CHARLES by Shirley Jackson
The day my son Laurie started kindergarten, he gave up his little-boy clothes. He started wearing blue jeans with a belt. I watched him go off that first morning with the older girl next door. He looked as though he were going off to a fight.
He came home the same way at lunchtime. “Isn’t anybody here?” he yelled. At the table, he knocked over his little sister’s milk.
“How was school today?” I asked. “Did you learn anything?’’
“I didn’t learn nothing,” he said.
“Anything, “ I said. “Didn’t learn anything.”
“But the teacher spanked a boy,” Laurie said. “For being fresh.”
“What did he do?” I asked. “Who was it?”
Laurie thought. “It was Charles,” he said. “The teacher spanked him and made him stand in the corner. He was really fresh.”
“What did he do?” I asked. But Laurie slid off his chair, took a cookie, and left.
The next day, Laurie sat down for lunch. “Well,” he said, “Charles was bad again today.” He grinned. “ Today Charles hit the teacher,” he said.
“Good heavens,” I said. “I suppose he got spanked again?”
“He sure did,” Laurie said.
“Why did Charles hit the teacher?” I asked.
“Because she tried to make him color with red crayons. Charles wanted to color with green crayons. So he hit the teacher. She spanked him and said nobody play with Charles. But everybody did.”
The third day, Charles bounced a see-saw onto the head of a little girl. He made her bleed. The teacher made him stay inside during recess.
On Thursday, Charles had to stand in a corner. He was pounding his feet on the floor during story-time. Friday, Charles could not use the blackboard because he threw chalk.
On Saturday, I talked to my husband about it. “Do you think kindergarten is too disturbing for Laurie?” I asked him. “This Charles boy sounds like a bad influence.”
“It will be all right,” my husband said, “There are bound to be people like Charles in the world. He might as well meet them now as later.”
On Monday, Laurie came home late.
“Charles!” he shouted, as he ran up to the house. “Charles was bad again!”
I let him in and helped him take off his coat. “You know what Charles did?” he said. “Charles yelled so much that the teacher came in from first grade. She said our teacher had to keep Charles quiet. And so Charles had to stay after school. And so all the children stayed to watch him.”
“What did he do?” I asked.
“He just sat there,” Laurie said, noticing his father. “Hi Pop, you old dust mop.”
“What does this Charles look like? My husband asked. “What’s his last name?”
“He’s bigger than me,” Laurie said. “And he doesn’t wear a jacket.”
I could hardly wait for the first Parent-Teachers meeting. I wanted very much to meet Charles’ mother. The meeting was still a week away.
On Tuesday, Laurie said, “Our teacher had a friend come to see her in school today.”
My husband and I said together, “Was it Charles’ mother?”
“Naaah,” Laurie said. “Charles was fresh to the teacher’s friend. They wouldn’t let him do exercises.”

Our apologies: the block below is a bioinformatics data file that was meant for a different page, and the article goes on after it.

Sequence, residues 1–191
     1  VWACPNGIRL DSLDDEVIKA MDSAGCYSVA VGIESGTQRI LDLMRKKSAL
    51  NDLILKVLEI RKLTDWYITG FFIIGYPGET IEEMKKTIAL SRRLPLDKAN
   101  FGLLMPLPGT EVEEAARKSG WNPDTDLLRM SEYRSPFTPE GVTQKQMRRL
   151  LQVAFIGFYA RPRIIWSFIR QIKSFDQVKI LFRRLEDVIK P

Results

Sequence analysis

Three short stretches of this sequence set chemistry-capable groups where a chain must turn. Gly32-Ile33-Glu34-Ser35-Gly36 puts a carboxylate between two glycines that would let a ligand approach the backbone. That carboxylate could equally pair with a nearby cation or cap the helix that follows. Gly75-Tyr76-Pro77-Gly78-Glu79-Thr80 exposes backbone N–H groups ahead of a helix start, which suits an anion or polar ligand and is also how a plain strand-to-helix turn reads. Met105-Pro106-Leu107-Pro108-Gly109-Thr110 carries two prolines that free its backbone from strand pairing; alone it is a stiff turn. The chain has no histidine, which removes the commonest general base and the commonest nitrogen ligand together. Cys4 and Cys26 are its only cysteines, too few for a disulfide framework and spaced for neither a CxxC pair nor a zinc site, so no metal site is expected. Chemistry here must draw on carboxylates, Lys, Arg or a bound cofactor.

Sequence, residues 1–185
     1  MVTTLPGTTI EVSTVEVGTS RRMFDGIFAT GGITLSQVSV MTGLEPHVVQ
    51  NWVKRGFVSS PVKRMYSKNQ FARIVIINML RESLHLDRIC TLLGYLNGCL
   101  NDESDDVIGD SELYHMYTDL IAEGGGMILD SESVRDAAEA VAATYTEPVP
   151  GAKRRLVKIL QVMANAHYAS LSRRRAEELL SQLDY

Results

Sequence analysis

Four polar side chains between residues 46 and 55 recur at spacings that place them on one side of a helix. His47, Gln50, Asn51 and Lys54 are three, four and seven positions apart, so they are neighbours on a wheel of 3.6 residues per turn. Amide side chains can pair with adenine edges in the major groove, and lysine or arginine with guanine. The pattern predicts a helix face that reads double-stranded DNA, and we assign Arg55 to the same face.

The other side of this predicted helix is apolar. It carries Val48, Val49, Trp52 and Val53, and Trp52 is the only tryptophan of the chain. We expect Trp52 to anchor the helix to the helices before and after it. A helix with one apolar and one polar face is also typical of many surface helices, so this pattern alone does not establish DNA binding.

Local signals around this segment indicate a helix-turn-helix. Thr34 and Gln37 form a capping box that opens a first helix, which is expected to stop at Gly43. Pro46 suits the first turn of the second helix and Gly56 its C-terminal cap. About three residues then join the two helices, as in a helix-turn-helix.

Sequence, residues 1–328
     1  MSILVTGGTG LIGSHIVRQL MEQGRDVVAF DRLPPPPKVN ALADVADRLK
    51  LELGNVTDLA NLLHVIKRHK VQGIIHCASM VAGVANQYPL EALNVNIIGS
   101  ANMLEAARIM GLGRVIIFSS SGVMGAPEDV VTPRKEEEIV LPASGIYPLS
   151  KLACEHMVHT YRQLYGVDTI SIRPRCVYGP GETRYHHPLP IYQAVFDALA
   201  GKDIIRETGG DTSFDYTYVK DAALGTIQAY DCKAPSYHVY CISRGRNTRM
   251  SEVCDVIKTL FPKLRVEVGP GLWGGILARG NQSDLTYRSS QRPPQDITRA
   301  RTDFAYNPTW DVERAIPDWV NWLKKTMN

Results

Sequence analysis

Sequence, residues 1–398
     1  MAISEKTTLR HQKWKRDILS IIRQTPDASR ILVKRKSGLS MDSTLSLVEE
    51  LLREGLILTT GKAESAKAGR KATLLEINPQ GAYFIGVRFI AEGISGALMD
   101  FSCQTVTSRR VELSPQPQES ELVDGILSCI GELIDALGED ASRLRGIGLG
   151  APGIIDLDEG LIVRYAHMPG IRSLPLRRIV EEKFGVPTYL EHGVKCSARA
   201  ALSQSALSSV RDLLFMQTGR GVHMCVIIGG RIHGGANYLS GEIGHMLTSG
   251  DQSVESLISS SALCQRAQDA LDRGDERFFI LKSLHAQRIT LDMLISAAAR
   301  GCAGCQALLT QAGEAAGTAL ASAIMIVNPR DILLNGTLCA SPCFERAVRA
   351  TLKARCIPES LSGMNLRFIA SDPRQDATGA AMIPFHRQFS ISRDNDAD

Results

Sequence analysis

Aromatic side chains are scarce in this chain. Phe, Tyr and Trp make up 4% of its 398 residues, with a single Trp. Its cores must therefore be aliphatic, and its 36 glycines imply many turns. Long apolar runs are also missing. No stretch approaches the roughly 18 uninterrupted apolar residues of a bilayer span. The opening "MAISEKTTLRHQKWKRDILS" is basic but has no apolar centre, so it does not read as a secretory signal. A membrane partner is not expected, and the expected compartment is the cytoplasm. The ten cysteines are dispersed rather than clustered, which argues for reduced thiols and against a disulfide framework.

“Fresh again?” I said.
“He kicked the teacher’s friend,” Laurie said. “The teacher’s friend told Charles to touch his toes. And Charles kicked him.”
“What do you think they’ll do about Charles?” my husband asked.
“I don’t know,” Laurie said. “Throw him out of school, I guess.”
Wednesday and Thursday were routine. Charles yelled during story-time. He hit a boy in the stomach and made him cry. On Friday, Charles stayed after school again. All the other children stayed to watch him.
On Monday of the third week, Laurie came home with another report. “You know what Charles did today?” he asked. “He told a girl to say a word, and she said it. The teacher washed her mouth out with soap, and Charles laughed.”
“What word?” his father asked.
“It’s so bad, I’ll have to whisper it to you,” Laurie said. He whispered into my husband’s ear.
“Charles told the little girl to say that?” he said, his eyes widening.
“She said it twice,” Laurie said. “Charles told her to say it twice.”
“What happened to Charles?” my husband asked.
“Nothing,” Laurie said. “He was passing out the crayons.”
The next day, Charles said the evil word himself three or four times. He got his mouth washed out with soap each time. He also threw chalk.
My husband came to the door that night as I was leaving for the Parent-Teachers meeting. “Invite her over after the meeting,” he said. “I want to get a look at the mother of that kid.”
“I hope she’s there,” I said.
“She’ll be there,” my husband said. “How could they hold a Parent-Teachers meeting without Charles’ mother?”
At the meeting, I looked over the faces of all the other mothers. None of them looked unhappy enough to be the mother of Charles. No one stood up and apologized for the way her son had been acting. No one mentioned Charles.
After the meeting, I found Laurie’s teacher. “I’ve been wanting to meet you,” I said. “I’m Laurie’s mother.”
Oh, yes,” she said. “We’re all so interested in Laurie.”
“He certainly likes kindergarten,” I said. “He talks about it all the time.”
“He’s had some trouble getting used to school,” she said. “But I think he’ll be all right.”
“Laurie usually fits in quickly,” I said. “I suppose his trouble might be from Charles’ influence.”
“Charles?” the teacher said.
“Yes,” I said, laughing. “You must have your hands full with Charles.”
“Charles?” she said. “We don’t have any Charles in kindergarten.”